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By Lauren McCoy

BATON ROUGE, LA – It is one of the most addictive habits, and for women, 15 in every 100 women do it according to the Centers for Disease Control.

“18 to 19 percent of adult men smoke, and about 14 to 15 percent of adult women smoke,” said Dr. Wesley Penn, an internist at the Baton Rouge Clinic. “Nicotine is one of the most addictive substances we can put in our body, and it stimulates multiple neurotransmitters in our brain, one of which stimulates the reward center in our brain. That’s the chemical side of it. The physical side of it is basically the habit of continuously putting something to your mouth, an oral fixation type of habit, which is also hard to break.”

In this week’s Women’s Wellness, I’m catching up with Dr. Wesley Penn, an internist here at the Baton Rouge Clinic, and we are talking about how you can kick the habit.

“Success comes from a combined approach of having patients have some form of counseling as well as replacing either nicotine or medication that stimulates receptors in the brain that nicotine acts on. So you have a duel approach,” explained Dr. Penn.

We have all heard people shouldn’t smoke, but why?

“Most people associate cigarette smoking with lung cancer and lung disease. A lot of people don’t necessarily realize that cigarette smoking actually affects every cell in our body and is not only associated with lung cancer, but also other cancers of our body, like pancreatic cancer, cervical cancer, kidney cancer and even certain leukemia,” said Dr. Penn. “It contributes to stroke, heart disease, diabetes and even reduces our immune system. So, it affects our everyday ability to fight off certain infections.”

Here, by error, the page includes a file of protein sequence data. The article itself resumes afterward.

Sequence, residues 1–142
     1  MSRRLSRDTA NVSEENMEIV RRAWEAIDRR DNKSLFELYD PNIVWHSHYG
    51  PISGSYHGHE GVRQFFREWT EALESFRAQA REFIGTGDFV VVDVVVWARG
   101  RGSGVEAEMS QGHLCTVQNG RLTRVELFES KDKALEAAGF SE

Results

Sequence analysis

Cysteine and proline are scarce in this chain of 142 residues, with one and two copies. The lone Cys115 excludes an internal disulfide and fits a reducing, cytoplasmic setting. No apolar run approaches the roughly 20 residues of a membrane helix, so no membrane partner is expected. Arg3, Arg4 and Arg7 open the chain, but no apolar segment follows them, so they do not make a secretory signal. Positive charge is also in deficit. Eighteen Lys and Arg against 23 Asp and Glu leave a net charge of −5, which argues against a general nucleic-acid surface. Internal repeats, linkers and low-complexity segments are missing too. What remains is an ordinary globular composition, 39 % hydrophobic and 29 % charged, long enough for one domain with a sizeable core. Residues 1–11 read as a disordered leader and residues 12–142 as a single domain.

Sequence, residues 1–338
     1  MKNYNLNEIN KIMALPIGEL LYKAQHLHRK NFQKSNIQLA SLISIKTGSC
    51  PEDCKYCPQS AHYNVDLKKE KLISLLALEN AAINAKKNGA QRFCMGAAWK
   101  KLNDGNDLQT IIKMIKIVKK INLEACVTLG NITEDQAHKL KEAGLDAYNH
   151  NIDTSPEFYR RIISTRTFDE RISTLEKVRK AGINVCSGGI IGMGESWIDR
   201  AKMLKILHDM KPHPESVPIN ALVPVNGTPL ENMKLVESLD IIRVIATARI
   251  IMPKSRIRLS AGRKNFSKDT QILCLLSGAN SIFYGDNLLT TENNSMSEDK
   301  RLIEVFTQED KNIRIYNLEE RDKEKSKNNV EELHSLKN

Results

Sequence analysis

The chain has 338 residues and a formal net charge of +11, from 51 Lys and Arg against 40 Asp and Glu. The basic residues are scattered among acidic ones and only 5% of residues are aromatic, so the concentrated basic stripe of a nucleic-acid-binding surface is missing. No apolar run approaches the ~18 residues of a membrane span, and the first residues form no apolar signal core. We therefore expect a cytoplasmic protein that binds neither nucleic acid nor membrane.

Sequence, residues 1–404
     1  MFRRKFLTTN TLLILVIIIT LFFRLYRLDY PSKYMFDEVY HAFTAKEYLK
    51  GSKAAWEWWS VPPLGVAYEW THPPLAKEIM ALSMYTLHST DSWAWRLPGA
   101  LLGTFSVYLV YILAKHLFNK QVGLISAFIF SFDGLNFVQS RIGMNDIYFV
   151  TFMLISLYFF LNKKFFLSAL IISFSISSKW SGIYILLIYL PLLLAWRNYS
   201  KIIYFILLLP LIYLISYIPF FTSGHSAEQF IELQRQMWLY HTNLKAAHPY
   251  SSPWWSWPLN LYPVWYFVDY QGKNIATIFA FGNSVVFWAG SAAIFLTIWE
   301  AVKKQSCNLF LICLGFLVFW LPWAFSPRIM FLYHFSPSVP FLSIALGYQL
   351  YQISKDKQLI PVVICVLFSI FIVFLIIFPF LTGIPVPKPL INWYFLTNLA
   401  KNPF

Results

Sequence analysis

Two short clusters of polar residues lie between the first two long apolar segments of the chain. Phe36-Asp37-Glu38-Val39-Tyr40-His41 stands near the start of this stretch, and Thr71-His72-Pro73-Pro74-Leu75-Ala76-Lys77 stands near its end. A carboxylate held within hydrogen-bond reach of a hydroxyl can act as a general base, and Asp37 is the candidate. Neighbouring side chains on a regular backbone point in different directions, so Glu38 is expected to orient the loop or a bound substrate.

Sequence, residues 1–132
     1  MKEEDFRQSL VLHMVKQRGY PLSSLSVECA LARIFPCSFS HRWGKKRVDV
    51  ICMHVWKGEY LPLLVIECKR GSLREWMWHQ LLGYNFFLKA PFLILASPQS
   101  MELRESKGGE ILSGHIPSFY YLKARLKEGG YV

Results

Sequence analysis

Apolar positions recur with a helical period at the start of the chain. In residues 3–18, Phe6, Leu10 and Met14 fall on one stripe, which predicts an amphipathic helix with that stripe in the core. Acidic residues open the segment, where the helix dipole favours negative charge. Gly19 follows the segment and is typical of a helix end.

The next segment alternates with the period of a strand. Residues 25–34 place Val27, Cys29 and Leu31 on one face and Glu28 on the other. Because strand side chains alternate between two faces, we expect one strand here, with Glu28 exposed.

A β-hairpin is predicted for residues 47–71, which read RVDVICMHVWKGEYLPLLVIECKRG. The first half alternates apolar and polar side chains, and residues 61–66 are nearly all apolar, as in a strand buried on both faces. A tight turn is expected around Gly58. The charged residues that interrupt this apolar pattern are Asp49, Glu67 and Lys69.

Specifically, in women, it can have some negative effects.

“Also, for women, it can contribute to cervical cancer as well as early bone disease, osteoporosis and early fractures. In women of child-bearing age, it makes it harder for women to get pregnant. It can increase the risk of miscarriage and stillbirth. In those patients that do have the baby, it can increase the risk of SIDS,” explained Dr. Penn.

However, it is not to late.

“You need to have goals, and you need to set a stop date. It’s important to have a stop date, and it’s important to tell people about that stop date because you need to not only be accountable to yourself, but also have other people be accountable,” said Dr. Penn. “It’s the number one preventable cause of death in the United States. It is estimated that people that don’t smoke have an increased lifespan of about 10 to 14 years compared to those people that do smoke. So, it definitely has long-lasting effects, but the good news is if you quit smoking now you can reduce those risks within the course of just a few years.”

If you are a smoker, and would like to quit, just head to the resources below:

http://www.cdc.gov/tobacco/data_statistics/fact_sheets/cessation/quitting/

https://www.nia.nih.gov/health/publication/smoking

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